Continuing where I left off a few days ago, I want to reflect on the Hierarchical Complementarian (HC) approach to understanding gender roles in church and at home. To recap, the HC position affirms the statement, “Men and women are equal but different,” emphasis on “different.” The HC maintain that each gender complements the other, with men providing leadership roles and women filling supportive roles. I mentioned in my last post that I could go with the idea of women and men are complementary but that the argument breaks down for me when it implies hierarchy. Let me explain further.
As is often the case, the reason that this viewpoint is compelling for so many is because it holds more than just a grain of truth. I think that the vast majority of people agree that men and women are different and that those differences are in some way complementary. It’s practically a staple in the romantic comedy genre. Think, “You complete me.” However, it become problematic when we begin to generalize about the ways in which women and men are different from each other. For example (speaking of chick flicks), my dad and brother like romantic comedies way more than I do. And they are big, tough, power-tool-wielding, hunting-license-bearing Southern good ol’ boys. (More of an anecdote than a fitting example, I suppose.)
Anyway, the trouble (for me) comes with the claim that these differences imply a hierarchy. (If you think about it, this is a big logical leap... but then again, logical argumentation is probably secondary in much of this discussion.) This assumption arises from more than one source. On the one hand, I think the HC have a general concern to be faithful to God’s will even when it’s not popular. The HC believe that this hierarchy is a God-ordained part of creation, and they feel responsible to defend it. They are convinced that egalitarians are too influenced by the surrounding culture, that allowing the power structure to change will throw off the order of creation. The HC are not misogynist; they believe that changing this God-ordained hierarchy will actually be detrimental to women and the relationships between the sexes. In short, maintaining this gender hierarchy is a matter of doing God’s will, and the influence of modern culture is suspect. We can see where these concerns are coming from, and I want to acknowledge that these are valid concerns.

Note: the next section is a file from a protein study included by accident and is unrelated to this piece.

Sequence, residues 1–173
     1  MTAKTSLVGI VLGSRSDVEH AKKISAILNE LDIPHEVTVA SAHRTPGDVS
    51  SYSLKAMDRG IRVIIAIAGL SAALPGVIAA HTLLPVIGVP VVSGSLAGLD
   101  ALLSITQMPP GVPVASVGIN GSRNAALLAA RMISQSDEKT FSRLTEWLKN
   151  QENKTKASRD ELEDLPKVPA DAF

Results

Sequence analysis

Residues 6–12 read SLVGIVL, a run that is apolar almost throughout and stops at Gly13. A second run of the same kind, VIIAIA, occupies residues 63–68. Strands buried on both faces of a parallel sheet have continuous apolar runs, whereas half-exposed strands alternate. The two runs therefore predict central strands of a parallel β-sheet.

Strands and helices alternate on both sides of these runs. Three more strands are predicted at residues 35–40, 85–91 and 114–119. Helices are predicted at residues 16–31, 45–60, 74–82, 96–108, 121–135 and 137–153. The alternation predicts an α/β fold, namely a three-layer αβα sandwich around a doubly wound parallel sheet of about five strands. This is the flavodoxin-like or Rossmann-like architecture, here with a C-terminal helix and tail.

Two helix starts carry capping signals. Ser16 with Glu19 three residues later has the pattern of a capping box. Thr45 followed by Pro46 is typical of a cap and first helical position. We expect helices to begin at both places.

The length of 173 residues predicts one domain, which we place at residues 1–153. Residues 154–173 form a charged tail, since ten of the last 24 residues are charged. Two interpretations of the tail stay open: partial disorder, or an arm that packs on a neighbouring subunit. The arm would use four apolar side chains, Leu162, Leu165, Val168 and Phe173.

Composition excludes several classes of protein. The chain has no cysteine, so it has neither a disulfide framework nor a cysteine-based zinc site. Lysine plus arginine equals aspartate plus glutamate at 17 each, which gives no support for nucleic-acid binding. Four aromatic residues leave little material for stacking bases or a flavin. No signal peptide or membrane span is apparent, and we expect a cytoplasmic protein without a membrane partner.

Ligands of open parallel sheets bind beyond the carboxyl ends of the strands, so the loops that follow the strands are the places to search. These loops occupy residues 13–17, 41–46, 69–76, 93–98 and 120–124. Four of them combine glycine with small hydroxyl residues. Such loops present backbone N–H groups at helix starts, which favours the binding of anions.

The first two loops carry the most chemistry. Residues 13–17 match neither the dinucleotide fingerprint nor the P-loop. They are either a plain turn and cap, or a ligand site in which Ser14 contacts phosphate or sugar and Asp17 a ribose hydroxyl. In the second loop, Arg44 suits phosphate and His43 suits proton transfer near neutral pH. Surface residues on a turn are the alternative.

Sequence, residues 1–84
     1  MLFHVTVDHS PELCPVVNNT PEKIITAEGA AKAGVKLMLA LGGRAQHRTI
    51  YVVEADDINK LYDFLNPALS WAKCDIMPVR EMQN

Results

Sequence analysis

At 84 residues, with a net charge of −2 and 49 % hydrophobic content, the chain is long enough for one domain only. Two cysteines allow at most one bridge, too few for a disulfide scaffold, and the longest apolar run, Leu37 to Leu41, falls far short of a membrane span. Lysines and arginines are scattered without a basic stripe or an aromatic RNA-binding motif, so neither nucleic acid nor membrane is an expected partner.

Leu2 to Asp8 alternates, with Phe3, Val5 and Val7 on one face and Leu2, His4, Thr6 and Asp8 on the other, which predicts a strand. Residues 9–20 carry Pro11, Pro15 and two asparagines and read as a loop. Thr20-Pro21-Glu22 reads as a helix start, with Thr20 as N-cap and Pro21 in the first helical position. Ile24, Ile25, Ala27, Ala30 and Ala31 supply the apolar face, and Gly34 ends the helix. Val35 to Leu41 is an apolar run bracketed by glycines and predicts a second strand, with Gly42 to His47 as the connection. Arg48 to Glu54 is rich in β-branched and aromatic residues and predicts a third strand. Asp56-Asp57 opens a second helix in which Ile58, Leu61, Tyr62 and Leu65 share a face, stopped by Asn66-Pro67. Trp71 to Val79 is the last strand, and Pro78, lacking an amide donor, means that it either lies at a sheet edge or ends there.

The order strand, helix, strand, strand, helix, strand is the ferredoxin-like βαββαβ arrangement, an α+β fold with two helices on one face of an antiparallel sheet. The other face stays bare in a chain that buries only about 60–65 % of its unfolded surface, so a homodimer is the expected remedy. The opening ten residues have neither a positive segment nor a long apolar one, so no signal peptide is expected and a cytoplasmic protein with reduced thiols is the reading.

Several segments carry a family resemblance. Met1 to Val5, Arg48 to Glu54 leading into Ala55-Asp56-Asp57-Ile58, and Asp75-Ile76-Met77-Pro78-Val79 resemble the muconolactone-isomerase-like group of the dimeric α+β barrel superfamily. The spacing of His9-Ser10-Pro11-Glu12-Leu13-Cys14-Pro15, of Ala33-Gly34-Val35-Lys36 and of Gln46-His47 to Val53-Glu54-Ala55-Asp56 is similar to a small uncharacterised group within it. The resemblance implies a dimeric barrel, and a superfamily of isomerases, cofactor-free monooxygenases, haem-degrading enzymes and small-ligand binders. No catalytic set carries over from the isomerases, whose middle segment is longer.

At the same time, this “us-against-the-world” feeling has the potential to blind the HC to how contemporary culture shapes their own position. The feminist movement is fairly young, and portions of Western culture are still reacting to what they perceive to be an upset in social stability. The HC are part of this larger cultural reaction, but they remain largely unaware of it. No one is a-cultural.
At least part of the reason for this unawareness is that the hierarchal view seems to fit better with the patriarchal culture(s) portrayed in the biblical text. The cultures in which these texts were written influenced the experiences and perspective of the author(s) and the original audience. Paradoxically, it is this very “timeliness” of the Bible that make it so “timeless.” Throughout history, the people of God have had to ask themselves, “What is a faithful way for us to structure our lives and relationships in our current situation?” This “in the world but not of the world” dilemma makes the Bible endlessly intriguing, but it also requires discernment on our part to decide how to live in our world in a way that is shaped by the gospel of Jesus Christ. The culture of 1st century Corinth or Ephesus, for example, is no more holy or pleasing to God than is that of 21st century America. Paul’s instructions to the Corinthians or to church leaders and family households in Ephesus are culturally sensitive and appropriate to their context, but they may not be as directly or easily applicable to the situation of affluent, long-time Christians living in 21st century Atlanta, Georgia. We might do better to investigate the way Paul allows the good news of Jesus Christ to shape his approach rather than merely asking, “What did Paul say/command?” The “why” is more important than the “what.”
So, I guess, one of the big questions is, “Is male hierarchy God’s intended order for creation for all time?” Both sides have well-developed arguments for this question. I’ll offer mine next time.